Why? For science, of course
Right now, the fastest street-legal car in the world is the Bugatti Veyron, a $1.3 million, 4,000-pound steel machine that can reach speeds of more than 267 miles per hour.
The Bloodhound SSC—a British concept car (sponsored, in part, by Rolls Royce) that’s planning trial runs in the next few weeks—can travel nearly four times as fast. According to its creators, the car will be capable of speeds up to 1,050 miles per hour—but there are certainly no plans to let it hit the streets. Not yet, at least.
The Bloodhound’s origins date back to 2008, when Richard Noble, the famed British entrepreneur (who held the land speed record between 1983 and 1997) decided it was time to break the current land speed record, which right now stands at 763 miles per hour. Funded in part by the British government, a team of engineers—based out of the former Maritime Heritage Centre in Bristol, England—have been exploring new technologies that would propel the Bloodhound into supersonic speeds.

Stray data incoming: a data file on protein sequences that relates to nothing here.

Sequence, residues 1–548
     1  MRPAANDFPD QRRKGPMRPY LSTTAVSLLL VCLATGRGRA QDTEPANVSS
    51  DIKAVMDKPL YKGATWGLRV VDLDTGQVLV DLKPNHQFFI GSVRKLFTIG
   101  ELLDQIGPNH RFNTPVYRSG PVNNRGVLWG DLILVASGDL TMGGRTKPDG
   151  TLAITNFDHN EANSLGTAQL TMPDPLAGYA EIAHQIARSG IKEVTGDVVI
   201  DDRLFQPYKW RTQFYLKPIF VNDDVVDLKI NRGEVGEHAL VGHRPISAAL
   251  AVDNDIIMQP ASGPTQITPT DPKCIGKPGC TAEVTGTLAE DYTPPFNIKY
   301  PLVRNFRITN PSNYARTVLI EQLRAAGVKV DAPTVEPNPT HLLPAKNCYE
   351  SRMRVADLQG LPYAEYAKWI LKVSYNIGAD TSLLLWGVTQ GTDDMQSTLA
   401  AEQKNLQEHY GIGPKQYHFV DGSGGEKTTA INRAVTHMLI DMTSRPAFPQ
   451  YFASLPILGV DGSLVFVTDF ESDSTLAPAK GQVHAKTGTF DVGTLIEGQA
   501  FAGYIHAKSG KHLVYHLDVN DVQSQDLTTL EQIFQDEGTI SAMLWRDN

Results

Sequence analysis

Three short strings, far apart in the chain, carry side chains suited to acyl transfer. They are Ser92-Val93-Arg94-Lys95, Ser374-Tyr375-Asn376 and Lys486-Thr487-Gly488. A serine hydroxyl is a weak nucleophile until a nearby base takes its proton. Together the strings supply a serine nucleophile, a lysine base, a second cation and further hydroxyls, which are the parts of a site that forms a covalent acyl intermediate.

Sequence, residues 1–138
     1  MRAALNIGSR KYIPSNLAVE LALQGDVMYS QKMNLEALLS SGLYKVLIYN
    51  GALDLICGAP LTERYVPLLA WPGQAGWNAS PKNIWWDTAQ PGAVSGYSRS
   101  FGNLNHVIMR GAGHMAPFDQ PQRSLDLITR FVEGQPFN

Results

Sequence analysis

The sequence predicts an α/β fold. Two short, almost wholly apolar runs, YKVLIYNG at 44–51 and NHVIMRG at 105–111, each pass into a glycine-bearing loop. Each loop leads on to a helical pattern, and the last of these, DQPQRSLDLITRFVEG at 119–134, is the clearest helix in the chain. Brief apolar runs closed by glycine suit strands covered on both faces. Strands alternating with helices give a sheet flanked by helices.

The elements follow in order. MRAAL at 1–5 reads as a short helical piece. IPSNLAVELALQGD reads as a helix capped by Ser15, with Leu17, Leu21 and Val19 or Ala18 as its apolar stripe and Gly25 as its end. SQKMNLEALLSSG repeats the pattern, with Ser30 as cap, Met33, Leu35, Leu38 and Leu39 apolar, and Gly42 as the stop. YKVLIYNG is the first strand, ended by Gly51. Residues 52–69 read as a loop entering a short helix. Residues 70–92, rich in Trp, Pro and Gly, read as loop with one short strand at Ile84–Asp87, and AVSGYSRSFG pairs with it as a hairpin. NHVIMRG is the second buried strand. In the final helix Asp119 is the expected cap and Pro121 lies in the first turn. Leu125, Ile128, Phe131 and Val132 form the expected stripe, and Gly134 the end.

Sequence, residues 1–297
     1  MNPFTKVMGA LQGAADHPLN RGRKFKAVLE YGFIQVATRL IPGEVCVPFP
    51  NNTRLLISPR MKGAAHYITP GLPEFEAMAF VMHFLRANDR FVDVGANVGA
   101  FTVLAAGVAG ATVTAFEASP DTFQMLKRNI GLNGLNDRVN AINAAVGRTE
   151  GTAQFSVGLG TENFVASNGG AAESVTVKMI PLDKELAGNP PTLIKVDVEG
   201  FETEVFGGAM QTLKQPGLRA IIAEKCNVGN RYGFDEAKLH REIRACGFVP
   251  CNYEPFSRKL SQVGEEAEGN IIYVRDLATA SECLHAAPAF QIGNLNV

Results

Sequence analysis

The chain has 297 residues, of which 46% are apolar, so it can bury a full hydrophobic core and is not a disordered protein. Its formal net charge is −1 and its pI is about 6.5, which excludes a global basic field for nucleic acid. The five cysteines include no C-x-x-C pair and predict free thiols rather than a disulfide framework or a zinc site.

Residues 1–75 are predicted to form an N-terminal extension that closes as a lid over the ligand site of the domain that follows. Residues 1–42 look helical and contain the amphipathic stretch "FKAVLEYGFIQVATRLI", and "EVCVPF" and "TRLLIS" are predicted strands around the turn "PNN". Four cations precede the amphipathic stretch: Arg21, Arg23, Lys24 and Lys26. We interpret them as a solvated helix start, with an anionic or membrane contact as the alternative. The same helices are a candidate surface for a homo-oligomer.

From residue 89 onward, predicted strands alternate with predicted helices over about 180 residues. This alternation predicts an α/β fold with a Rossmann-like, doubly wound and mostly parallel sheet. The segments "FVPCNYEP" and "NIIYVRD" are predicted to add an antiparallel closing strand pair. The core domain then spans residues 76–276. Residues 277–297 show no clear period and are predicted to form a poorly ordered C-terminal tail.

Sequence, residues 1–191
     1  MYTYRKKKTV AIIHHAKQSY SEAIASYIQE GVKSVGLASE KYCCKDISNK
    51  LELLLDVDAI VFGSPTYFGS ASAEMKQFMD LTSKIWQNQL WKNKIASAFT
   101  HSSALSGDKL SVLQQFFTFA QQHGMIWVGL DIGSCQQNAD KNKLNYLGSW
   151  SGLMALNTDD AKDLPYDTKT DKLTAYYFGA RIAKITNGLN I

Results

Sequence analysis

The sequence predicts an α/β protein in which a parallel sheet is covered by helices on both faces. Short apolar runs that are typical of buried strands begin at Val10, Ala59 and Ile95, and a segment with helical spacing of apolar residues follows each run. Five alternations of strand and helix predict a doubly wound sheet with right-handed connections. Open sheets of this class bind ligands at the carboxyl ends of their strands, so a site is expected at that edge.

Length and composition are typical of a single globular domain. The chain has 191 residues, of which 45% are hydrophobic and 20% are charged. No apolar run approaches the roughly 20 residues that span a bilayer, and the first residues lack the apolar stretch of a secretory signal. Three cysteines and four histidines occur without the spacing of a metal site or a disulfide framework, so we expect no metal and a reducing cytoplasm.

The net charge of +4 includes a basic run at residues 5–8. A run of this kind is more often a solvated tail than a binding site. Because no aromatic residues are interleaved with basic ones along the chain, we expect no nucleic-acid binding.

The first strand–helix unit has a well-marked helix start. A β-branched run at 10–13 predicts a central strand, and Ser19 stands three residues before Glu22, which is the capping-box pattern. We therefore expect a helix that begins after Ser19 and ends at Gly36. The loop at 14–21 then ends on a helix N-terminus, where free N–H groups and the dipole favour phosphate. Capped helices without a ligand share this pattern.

The major difference between the Bloodhound and its superfast predecessors is this: It’s literally powered by a combination of rockets and jet engines. Half the thrust of Bloodhound is generated by the Eurojet EJ200, a military turbofan built for the engine bay of a Eurofighter Typhoon—a souped-up fighter pilot. The other half of the thrust is provided by a Nammo hybrid rocket.
“The car is a mix of car and aircraft technology,” notes its creators, “with the front half being a carbon fibre monocoque like a racing car and the back half being a metallic framework and panels like an aircraft.”
To be clear, the Bloodhound isn’t intended for street use or commercial sale—it’s more of an experiment in the name of science and technology. According to Noble, the Bloodhound has maintained several objectives from the beginning of the project, including a national surge in the popularity of science and technology subjects, inspiring future engineers and—not surprisingly—generating media exposure for sponsors.